After releasing great back to back debut and sophomore albums, by 1993 De La Soul was quickly establishing themselves as some of hip-hop’s newest generals. They came on the scene in ’89 proudly representing the daisies, but that era quickly came to an end when the hip-hop community mistook them for soft hippy rap dudes. That led them to them proclaiming their own deaths their second go round in an attempt at a new beginning, but in reality they pretty much stuck to the same script as their first outing. So, what would the trio do with their third effort? Well, if it ain’t broke don’t fix it.
Buhloone Mindstate, which was De La’s way of saying that no matter how successful they are with their music they won’t sellout, would pretty much use the same formula as the first two albums: Abstract rhymes from Plugs One and Two (Posdnuos and Trugoy, respectively), and jazz drenched production from all three Plugs (resident deejay, Maseo being Plug 3), and the unofficial fourth Plug, Prince Paul. Like their first two albums, Buhloone Mindstate was received with heaps of praise by critics and hip-hop heads alike. Hell, In his 2004 Rolling Stone’s magazine list of greatest hip-hop albums of all-time, Chris Rock even scored Buhloone Mindstate number 10.
I’ve always felt that Chris was a great comedian.
Intro – The album open with a lonely loop from The Outlaw Blues Band’s “Deep Gully” and De La and crew reciting what is ultimately the theme and meaning of the album title: “it might blow up, but it won’t go pop”.
Eye Patch – I never really understood the concept behind this song. Posdnuos and Trugoy’s rhymes are too coded for my liking, and the instrumental behind them is so mediocre you won’t even want to put the effort into decoding whatever the hell it is that they’re talking about. It was kind of comical to hear Maseo talk his shit to “all those rappers that dissed” De La “on records” at the end of the song, though.
En Focus – Pos and Trugoy exchange verses about fleeting fame and the fickleness of fans in the music industry. Pos’ abstract rhymes work better on this one than the first song, but Trugoy’s lines are still too much for me to try to get to the bottom of. Plus, Prince Paul and company hook up yet another uninteresting instrumental.
Patti Dooke – Over a smooth jazz flavored backdrop carried by some warm sax notes, Posdnuos and Trugoy abstractly, as our friends at Genius.com so eloquently put it, speak on” the never-ending phenomenon of the misappropriation of Black influence into mainstream musical culture without proper accreditation”, or in laymen terms: how throughout time the white man has consistently stole black folk music and made way more money off of it than the creators. Patty Duke was a child actress in the sixties best known for her starring role in The Patty Duke Show, whose name would later become the name of a popular hip-hop dance in the eighties. Guru (from Gangstarr, rip) stops by to assist with the hook, and Paul and the boys masterfully place soundbites from The Five Heartbeats (I love that movie) throughout.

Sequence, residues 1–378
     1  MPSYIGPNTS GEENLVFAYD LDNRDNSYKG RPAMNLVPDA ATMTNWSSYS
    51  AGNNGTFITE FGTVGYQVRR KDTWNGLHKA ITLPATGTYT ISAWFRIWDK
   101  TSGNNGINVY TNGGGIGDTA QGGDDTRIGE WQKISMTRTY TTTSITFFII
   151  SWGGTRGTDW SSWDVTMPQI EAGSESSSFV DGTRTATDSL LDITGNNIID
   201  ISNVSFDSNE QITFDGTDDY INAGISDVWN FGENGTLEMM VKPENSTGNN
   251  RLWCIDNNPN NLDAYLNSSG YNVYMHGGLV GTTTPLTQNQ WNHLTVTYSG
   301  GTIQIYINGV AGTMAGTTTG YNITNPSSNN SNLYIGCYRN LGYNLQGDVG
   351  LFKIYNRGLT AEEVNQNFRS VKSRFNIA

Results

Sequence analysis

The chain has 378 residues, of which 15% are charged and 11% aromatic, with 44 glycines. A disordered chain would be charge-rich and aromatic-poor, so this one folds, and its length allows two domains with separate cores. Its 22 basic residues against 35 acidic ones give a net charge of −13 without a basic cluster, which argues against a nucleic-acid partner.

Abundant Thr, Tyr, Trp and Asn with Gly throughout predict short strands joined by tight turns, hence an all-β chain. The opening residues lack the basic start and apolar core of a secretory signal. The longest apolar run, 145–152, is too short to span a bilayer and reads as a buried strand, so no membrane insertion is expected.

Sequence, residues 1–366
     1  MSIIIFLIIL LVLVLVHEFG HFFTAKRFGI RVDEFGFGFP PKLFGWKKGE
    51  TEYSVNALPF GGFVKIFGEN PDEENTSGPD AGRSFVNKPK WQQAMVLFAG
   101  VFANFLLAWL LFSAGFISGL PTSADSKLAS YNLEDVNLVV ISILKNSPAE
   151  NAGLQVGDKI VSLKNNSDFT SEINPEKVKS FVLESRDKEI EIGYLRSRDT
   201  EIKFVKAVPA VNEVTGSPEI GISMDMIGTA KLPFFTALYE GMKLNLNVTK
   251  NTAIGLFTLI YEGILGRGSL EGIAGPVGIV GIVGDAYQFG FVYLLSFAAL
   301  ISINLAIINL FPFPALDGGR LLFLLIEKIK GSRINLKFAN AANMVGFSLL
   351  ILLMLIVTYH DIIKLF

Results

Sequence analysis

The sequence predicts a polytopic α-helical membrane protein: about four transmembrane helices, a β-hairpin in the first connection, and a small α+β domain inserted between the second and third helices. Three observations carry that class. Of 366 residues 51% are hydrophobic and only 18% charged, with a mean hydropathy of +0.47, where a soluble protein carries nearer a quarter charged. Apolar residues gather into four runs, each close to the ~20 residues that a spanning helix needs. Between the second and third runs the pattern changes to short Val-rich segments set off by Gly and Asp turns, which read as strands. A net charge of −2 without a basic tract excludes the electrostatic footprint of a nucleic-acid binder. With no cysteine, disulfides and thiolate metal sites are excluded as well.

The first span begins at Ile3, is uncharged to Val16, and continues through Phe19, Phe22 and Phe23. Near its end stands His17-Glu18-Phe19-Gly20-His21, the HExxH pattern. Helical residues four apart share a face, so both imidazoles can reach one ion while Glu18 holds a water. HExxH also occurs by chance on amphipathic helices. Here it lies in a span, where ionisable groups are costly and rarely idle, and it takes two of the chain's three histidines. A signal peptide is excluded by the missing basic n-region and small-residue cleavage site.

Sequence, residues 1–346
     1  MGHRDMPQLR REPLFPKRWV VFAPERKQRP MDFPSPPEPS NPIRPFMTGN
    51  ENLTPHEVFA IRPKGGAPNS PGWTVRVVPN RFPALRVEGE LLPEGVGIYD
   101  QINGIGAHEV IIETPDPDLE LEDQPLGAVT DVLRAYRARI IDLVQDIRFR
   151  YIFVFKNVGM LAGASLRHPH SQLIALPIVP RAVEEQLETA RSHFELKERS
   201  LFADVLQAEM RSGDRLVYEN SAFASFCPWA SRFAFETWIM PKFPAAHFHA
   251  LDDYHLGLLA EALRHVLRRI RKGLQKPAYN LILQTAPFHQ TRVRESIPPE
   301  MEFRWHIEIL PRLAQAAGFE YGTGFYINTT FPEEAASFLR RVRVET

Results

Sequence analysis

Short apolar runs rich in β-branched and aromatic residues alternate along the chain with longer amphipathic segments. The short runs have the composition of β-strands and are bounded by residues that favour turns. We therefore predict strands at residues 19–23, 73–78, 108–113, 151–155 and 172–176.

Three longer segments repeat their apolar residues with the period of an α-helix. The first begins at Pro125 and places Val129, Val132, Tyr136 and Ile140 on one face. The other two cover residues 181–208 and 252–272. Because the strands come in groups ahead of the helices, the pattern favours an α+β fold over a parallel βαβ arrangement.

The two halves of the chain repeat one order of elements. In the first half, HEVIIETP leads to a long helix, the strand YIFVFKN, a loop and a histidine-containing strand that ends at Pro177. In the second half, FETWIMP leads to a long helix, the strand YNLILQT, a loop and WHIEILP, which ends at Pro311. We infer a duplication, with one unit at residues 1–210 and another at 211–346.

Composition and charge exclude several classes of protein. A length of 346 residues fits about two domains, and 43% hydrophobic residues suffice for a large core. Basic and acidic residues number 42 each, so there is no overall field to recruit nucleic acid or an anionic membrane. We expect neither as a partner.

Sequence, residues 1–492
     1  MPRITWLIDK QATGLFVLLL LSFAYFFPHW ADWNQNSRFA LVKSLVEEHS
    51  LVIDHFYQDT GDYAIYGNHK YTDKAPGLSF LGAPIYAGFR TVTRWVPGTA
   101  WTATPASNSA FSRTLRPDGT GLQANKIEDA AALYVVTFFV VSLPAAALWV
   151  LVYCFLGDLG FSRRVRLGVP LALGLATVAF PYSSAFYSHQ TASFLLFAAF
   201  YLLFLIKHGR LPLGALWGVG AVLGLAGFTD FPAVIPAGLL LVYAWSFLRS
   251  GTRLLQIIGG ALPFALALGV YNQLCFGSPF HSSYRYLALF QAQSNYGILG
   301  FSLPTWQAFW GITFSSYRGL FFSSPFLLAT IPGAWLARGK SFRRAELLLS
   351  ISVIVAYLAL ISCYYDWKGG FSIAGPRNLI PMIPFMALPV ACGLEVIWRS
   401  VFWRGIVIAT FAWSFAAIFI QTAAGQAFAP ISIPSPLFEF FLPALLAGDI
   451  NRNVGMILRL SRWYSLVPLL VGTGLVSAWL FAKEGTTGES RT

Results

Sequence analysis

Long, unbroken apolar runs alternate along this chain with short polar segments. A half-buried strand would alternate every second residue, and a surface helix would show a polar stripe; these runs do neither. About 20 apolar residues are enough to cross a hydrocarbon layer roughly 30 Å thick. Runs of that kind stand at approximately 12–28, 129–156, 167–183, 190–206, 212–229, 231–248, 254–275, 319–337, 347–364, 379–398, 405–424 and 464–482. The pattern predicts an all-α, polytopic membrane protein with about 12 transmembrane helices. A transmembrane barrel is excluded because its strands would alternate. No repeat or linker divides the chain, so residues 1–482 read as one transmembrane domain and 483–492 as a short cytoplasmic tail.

I Be Blowin’ – De La Soul invites the legendary jazz saxophonist, Maceo Parker to blow the shit out of his horn over an emotional and somber backdrop. No rhymes. No hook. Just Maceo Parker playing his horn over an instrumental that is bound to make you reflect and make some introspections, as you try to figure out how you became the piece of shit that you are today. I’m just sayin’.
Long Island Wildin’ – SDP and Takagi Kan stop by, fresh off a plane from Japan (Konnichiwa, bitches!), to spit a quick verse in Japanese. I have no idea what they’re saying, but whatever, it’s over pretty quick.
Ego Trippin’ (Part Two) – This was the second single released from Buhloone Mindstate. Paul and De La borrow a few loops from Al Hirt’s “Harlem Hendoo” (the liner notes in Buhloone Mindstate credit the song as “Harlem Hendo”, but you get the drift) and turn it into a beautiful instrumental for Pos and Tru to poke fun at the hardcore gangster/pimp persona that was becoming popular in hip-hop at the time. Well done, fellas. Side-note: there is no part 1 to this song, but the “Part Two” in the title is more so paying homage to Ultramagnetic MC’s classic song with the same title.